Bring on the Solopreneur

Details on establishment formation from yesterday’s Quarterly Census of Employment and Wages show an acceleration beginning in 2020Q3, accompanied by a drop-off in the number of employees per establishment. As the graphs below show, between 2017 and 2019 average establishment growth ran at 1.7%, and from 2020Q3 onward at 3.8%, while the number of employees per establishment slipped from 14.5 to 13.2.

And a new term is born: the solopreneur.

Another take on this comes from applications for new businesses. Census statistics show they stumbled in March and April of 2020, and quickly recovered, rising from 3.5 million in 2019, to 4.4 million in 2020, and 5.4 million in 2021, a 54% increase over two years.

Venture Forward, a collaboration among GoDaddy and several universities to learn more about new business formations, estimates there are 45 million microbusinesses in the US, of which 90% have fewer than 10 employees. Many of these have been formed out of necessity, and 63% of those formed since March 2020 required less than $5,000.00 in funding.

The Kauffman Foundation reports that in 2020 the share of opportunity entrepreneurs, those who were not unemployed when they started a new business, fell from 87% in 2019 to 70% in 2020, and then rose to 81% in 2021, so that clouds the picture a bit. But small and growing businesses are drivers of employment, and it’s very good news that new businesses formed by blacks rose from 15% before March 2020, to 26% through July 2021, by women from 48% to 57%, and by those without a college degree from 36% to 44%. The share started by whites slipping from 70% to 60%.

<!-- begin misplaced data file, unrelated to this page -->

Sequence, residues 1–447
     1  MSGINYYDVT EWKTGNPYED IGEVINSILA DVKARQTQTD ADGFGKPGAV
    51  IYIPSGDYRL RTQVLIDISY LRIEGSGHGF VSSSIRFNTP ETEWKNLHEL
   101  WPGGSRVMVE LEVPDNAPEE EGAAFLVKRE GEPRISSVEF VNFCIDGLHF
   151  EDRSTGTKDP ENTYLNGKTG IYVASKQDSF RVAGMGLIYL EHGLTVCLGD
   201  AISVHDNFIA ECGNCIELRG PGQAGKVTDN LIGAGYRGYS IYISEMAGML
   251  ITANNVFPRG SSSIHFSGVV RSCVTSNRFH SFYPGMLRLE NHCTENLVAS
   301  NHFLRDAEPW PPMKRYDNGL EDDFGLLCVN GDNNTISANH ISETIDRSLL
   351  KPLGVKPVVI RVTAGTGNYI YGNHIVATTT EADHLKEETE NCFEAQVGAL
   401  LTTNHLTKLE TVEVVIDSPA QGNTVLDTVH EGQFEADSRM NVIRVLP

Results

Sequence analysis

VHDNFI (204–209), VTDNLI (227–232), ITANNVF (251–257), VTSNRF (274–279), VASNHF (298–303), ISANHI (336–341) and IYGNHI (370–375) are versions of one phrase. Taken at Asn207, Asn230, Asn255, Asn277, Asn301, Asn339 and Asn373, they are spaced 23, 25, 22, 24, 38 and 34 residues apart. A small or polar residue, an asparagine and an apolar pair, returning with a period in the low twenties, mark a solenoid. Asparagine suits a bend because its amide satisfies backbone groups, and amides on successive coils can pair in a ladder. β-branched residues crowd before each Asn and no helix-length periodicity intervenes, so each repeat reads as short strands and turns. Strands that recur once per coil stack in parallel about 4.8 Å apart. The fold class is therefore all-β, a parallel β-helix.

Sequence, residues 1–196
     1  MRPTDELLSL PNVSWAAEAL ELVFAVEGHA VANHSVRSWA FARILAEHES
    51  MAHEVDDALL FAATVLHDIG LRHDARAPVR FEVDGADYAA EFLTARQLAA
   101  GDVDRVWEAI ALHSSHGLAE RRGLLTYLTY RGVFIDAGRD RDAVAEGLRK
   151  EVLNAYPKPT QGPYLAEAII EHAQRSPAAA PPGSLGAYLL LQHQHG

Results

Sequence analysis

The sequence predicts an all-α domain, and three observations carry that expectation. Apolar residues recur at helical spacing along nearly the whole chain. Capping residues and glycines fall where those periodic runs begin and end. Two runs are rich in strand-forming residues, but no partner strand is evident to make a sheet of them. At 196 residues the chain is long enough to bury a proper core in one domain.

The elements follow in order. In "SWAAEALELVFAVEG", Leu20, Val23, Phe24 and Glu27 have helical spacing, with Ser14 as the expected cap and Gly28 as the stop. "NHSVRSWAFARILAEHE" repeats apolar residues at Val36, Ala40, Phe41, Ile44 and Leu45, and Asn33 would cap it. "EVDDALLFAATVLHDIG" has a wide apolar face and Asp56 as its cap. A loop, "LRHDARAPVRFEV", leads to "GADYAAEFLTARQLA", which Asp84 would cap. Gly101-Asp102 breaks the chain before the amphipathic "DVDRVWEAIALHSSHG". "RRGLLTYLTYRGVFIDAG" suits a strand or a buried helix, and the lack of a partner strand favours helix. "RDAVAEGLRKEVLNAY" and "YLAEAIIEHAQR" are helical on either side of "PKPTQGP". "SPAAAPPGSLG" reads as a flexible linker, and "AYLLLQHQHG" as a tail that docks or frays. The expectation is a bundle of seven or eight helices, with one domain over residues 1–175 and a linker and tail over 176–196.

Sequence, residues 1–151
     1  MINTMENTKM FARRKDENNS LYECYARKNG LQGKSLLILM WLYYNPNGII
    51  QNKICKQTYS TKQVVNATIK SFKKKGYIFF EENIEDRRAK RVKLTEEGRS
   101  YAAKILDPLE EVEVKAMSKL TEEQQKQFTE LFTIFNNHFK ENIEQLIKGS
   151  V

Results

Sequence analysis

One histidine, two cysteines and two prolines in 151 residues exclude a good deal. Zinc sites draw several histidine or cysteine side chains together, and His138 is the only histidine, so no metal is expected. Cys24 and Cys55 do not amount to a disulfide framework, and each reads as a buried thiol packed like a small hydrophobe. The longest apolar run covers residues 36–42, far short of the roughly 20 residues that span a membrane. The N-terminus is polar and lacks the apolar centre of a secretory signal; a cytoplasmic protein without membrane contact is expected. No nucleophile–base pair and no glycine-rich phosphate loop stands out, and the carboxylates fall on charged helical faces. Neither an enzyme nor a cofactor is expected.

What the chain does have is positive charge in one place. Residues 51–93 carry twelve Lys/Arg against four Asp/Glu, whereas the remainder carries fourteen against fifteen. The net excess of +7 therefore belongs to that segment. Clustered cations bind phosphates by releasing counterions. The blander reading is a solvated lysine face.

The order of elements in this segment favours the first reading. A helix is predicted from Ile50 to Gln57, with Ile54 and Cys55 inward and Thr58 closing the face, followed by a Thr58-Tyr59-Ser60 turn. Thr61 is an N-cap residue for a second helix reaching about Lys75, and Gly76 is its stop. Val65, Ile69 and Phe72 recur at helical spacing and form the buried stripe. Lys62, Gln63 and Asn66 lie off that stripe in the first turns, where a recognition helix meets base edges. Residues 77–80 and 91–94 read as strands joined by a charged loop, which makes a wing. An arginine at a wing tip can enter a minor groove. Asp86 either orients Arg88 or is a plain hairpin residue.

National Bureau of Economic Research found that zip codes with higher numbers of black residents, especially with higher median incomes, were associated with higher startup rates. UC Santa Cruz’s Robert Farlie reported that between 2020Q1 and 2021Q3 black male business ownership rose by 33%, the largest by demographic, followed by a 22% increase among black female entrepreneurs.

The Harvard Business Review recently reported that 17% of black women were in the process of starting a business, compared to 10% of white women, and 15% of white men.